Whether you’ve been told your child needs braces or are wondering whether you should pursue orthodontic treatment as an adult, you may be wondering about the similarities—and differences—between the various types of braces out there. Dental braces are one of the oldest forms of orthodontic treatment and continue to evolve, with new innovations making them less intrusive and more effective than at any time in history. Learn more about the different types of braces that are available.
Types of Braces
Just about all dental braces except clear braces rely on brackets that adhere to the teeth and wires and bands to connect them. However, these brackets and wires can be made from several different types of material.
Stainless Steel or Alloy Braces
Traditional metal braces are the ones most associated with the term “braces.” These braces use stainless steel, nickel, or another metal alloy for the brackets and wires, allowing your orthodontist to make small adjustments to bring your teeth into better alignment. (It’s important to note that if you’re sensitive to nickel, you’ll want to avoid any alloys; instead, you can opt for stainless steel.)
Porcelain or Ceramic Braces
Another option is the use of porcelain or ceramic brackets instead of metal ones. These brackets are often tooth-colored, making them more unobtrusive than metal braces; they can also be bright or even gold, depending on the patient’s preference. Many orthodontic patients opt for tooth-colored or white ceramic braces if they’d like their braces to better blend in.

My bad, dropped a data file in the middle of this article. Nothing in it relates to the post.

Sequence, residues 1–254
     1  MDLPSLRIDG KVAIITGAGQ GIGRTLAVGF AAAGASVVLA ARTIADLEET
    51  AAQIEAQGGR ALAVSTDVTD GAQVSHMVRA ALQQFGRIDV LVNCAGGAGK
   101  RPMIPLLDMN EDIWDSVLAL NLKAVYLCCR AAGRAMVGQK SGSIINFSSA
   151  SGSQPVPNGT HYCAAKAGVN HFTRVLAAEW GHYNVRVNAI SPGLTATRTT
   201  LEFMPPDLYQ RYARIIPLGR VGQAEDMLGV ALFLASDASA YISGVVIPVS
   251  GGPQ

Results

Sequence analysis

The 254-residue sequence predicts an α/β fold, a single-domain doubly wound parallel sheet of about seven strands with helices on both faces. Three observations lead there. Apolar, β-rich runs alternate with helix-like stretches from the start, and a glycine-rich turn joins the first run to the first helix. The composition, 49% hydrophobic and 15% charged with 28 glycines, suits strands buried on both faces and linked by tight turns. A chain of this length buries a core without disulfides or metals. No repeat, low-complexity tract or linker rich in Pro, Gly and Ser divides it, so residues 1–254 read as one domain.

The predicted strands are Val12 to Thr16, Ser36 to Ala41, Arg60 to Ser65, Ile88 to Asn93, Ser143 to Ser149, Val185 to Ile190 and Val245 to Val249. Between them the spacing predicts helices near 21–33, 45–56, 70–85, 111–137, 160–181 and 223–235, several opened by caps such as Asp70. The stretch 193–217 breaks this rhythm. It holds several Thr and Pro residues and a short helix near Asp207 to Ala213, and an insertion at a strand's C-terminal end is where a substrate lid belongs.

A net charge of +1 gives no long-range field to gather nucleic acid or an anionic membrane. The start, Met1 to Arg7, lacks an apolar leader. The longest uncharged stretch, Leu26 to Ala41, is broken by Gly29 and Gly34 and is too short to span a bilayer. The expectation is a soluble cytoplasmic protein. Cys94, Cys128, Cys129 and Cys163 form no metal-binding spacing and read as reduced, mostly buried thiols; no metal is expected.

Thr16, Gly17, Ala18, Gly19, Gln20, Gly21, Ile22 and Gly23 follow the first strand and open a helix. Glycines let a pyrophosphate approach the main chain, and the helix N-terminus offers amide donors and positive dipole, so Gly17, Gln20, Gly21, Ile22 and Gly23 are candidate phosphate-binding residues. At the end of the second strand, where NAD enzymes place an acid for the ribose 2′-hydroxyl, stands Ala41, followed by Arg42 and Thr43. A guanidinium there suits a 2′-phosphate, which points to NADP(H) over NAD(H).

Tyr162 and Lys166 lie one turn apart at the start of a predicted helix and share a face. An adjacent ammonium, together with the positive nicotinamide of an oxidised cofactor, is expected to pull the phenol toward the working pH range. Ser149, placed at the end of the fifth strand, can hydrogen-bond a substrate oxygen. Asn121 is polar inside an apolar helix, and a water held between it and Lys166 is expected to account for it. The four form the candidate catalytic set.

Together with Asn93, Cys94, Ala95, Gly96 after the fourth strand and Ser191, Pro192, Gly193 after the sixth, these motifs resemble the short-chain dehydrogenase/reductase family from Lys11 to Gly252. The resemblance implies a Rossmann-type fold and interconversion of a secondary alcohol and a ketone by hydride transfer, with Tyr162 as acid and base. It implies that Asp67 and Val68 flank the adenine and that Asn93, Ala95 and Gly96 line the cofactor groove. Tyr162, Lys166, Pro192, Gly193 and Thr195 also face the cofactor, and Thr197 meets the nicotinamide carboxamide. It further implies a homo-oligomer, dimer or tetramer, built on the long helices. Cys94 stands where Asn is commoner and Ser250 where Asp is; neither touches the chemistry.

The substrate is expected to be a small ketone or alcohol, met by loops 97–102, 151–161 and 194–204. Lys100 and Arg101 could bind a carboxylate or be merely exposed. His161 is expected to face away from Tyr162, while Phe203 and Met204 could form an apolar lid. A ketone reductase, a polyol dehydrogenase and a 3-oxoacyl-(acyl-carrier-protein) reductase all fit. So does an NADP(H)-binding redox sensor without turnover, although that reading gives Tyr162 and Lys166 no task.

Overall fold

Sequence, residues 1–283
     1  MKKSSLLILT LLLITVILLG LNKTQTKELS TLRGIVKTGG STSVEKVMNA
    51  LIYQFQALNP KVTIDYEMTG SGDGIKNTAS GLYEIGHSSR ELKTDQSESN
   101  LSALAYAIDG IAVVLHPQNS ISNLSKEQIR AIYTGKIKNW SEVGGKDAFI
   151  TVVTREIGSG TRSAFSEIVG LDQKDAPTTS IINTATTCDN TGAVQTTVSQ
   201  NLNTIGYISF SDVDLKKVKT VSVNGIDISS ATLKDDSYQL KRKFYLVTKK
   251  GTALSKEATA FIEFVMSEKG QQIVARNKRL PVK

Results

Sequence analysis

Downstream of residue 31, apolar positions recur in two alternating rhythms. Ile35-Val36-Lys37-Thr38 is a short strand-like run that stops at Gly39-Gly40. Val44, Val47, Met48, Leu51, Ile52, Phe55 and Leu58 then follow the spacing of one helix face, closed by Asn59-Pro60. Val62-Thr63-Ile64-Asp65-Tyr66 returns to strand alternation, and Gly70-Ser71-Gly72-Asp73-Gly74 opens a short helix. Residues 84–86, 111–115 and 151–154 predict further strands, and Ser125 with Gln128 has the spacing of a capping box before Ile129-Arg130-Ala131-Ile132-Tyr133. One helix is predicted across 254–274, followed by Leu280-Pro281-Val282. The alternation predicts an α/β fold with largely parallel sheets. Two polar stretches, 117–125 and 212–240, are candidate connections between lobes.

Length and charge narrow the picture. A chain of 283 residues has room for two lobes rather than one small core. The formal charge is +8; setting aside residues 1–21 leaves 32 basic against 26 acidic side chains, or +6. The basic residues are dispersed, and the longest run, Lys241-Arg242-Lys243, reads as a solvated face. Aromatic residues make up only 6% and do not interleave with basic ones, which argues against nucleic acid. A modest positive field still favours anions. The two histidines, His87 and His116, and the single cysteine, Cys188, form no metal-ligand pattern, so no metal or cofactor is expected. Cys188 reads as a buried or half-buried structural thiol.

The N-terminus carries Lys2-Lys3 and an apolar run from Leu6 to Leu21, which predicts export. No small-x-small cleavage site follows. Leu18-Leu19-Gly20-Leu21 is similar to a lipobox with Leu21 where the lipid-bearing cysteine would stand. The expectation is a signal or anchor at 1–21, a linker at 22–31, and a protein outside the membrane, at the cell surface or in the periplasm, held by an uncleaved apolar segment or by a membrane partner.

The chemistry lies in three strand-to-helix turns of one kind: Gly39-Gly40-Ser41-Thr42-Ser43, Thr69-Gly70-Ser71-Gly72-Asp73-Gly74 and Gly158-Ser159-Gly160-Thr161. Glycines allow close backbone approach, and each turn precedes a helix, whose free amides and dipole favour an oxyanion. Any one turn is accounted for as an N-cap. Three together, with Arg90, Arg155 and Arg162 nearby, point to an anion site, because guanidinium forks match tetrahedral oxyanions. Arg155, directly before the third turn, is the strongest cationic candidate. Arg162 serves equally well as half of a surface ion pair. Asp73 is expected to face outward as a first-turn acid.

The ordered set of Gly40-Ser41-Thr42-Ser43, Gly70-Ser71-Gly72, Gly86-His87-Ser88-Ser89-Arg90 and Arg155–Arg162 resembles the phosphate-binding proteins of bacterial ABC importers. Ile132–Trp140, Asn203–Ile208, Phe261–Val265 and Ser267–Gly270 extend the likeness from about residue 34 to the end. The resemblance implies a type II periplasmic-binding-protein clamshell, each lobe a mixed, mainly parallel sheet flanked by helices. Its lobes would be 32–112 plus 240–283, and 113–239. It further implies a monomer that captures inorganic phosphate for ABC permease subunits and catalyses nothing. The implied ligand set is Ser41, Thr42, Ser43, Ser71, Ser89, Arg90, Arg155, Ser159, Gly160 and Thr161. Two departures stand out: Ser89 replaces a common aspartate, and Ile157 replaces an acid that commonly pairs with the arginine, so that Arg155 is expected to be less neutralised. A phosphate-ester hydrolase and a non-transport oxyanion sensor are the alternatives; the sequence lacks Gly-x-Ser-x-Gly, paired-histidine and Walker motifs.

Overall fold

For those who want to avoid the appearance of braces entirely or who need only minor orthodontic adjustments, clear braces may be a good option. Clear braces are essentially removable trays that are molded to the shape of your teeth. Every few weeks, your orthodontist will create new trays based on your orthodontic plan, and each new tray will slowly shift your teeth into place.
How Braces are Held in Place
In addition to using brackets and wires to affix the braces to your teeth, dental braces rely on ligatures or self-ligating features to keep the braces from shifting.
- Traditional braces are tied in with ligatures, or small rubber bands;
- Self-ligating braces are held in with doors or gates, eliminating the need for rubber bands.
Regardless of which type of braces you choose, you can opt to decorate your braces with colored ties or keep them discreet and unobtrusive. Dr. Roeder and the experienced team at Roeder Orthodontics can work with you to discuss the best types of braces for your budget, aesthetic, and orthodontic needs.